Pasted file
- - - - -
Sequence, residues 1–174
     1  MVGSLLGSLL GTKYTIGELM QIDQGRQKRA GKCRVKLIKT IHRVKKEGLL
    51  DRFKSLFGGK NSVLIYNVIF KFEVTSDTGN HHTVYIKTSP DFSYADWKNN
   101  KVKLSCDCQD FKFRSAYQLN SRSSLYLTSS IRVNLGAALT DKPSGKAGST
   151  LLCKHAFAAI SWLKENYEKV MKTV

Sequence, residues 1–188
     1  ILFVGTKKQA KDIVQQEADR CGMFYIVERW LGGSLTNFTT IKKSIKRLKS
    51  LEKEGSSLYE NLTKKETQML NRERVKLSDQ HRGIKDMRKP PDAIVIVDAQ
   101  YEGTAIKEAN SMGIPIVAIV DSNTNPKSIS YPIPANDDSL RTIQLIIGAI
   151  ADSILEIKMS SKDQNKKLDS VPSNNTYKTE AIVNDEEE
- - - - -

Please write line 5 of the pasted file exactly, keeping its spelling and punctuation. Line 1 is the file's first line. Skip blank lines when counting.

   151  LLCKHAFAAI SWLKENYEKV MKTV